- Alfama – this is the more historic area of the city with small, winding cobblestone streets. The Sao Jorge Castle is the most popular site here—of which, my favorite part was actually the Camara Escura, or periscope presentation, which many people do not end up seeing. There are many other sights and buildings scattered around this area; go walk and get lost.
- Barrio Alto – the trendier, party area of Lisbon. There are many bars and clubs in this area with people flowing out onto the streets (beer, wine, and cider all around 1-2 euros). Pink Street has bars and clubs with a more upscale feel (10 euro cocktails at Pensao Amor). An experience to try is going to a Fado club—a typical Portuguese bar where emotional singers will sing melancholy music (Tasco de Chico is my recommendation), while you can dine on staples of the cuisine such as Chorico and Caldo Verde.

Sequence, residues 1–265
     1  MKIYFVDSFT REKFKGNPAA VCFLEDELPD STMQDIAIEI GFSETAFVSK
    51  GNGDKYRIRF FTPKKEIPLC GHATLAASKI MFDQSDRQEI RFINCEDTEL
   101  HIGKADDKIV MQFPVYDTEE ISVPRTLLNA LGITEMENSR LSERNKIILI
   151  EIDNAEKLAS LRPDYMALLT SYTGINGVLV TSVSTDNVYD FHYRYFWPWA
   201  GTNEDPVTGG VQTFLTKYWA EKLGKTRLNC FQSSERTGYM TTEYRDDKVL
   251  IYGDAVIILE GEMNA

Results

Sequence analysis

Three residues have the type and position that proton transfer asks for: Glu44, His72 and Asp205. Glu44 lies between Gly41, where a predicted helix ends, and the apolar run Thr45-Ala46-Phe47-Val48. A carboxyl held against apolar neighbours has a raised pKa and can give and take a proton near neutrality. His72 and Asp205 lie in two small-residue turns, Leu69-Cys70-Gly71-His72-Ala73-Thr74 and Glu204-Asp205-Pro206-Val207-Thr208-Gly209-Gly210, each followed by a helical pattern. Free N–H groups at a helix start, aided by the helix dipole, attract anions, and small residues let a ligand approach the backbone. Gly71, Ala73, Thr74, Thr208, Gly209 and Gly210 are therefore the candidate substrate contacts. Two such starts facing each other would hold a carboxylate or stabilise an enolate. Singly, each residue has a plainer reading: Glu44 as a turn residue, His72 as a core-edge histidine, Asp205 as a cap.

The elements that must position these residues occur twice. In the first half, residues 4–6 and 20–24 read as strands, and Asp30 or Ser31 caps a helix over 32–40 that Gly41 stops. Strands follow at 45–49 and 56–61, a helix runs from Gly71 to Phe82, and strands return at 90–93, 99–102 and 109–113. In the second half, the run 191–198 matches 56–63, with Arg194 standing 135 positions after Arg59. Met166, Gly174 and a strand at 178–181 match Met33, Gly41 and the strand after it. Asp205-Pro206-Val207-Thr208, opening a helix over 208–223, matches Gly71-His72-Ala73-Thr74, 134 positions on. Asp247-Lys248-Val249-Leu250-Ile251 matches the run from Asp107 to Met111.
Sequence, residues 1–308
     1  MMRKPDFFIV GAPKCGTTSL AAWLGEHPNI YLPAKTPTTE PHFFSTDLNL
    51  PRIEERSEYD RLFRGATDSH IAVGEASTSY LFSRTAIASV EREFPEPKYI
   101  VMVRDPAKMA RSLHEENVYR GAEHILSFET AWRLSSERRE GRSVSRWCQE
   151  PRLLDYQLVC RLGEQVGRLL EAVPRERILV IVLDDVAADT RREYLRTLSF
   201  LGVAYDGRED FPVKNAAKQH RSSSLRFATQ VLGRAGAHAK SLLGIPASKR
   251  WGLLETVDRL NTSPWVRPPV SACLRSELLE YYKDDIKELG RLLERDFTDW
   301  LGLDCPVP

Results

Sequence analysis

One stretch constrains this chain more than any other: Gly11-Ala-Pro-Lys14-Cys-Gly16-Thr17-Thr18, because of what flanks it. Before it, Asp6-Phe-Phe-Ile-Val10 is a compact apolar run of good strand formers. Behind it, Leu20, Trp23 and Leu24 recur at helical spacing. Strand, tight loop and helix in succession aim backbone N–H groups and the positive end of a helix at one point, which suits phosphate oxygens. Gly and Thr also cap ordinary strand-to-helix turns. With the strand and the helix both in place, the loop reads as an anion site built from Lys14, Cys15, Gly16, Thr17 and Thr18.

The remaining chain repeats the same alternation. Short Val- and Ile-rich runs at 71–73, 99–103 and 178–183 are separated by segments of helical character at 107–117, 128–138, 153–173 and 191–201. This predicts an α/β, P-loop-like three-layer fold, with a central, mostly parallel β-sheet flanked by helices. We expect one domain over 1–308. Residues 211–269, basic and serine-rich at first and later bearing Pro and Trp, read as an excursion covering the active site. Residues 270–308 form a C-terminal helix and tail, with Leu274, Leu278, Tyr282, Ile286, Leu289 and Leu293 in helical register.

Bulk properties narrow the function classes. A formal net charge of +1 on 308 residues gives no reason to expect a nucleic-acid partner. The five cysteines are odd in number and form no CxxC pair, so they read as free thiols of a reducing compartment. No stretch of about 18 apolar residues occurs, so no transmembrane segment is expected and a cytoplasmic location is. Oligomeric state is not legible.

- Other activities: the botanical gardens, the oceanarium, or riding Tram 28 around Alfama. For food, Mercado Ribeira offers a trendy sampling of the cuisine. But for more local experiences, try amazing seafood at Cervajaria Ramiro, drink some Ginja on the streets of Lisbon, and sample a Bacalhau based-dish or grilled sardines.
Lisbon quickly became one of my favorite places and it really helps that there are so many beautiful places less than an hour away from the city. The three spots below are the most popular options for day trips.
- Cascais – this is a fishing village that blossomed into a wealthy seaside town, just a 40-minute journey west from the city. The parks and houses on the west side of town are beautiful, while the old town is pleasant to stroll through. This town uses the same line as Belem so it is possible to tackle both on one day. Also, try Polvo Vaido for lunch for an array of octopus based dishes.
- Belem – the most touristy of the options, Belem is a 10-minute ride over. Belem is known for the Monastery, Belem Tower, and the tastiest Pasteis de Nata, or custard desserts, at Pasteis de Belem. The gardens here are picturesque and perfect for a picnic or making a dent in a book. Unfortunately, this place is overrun with large groups of tourists so try to start the day here early.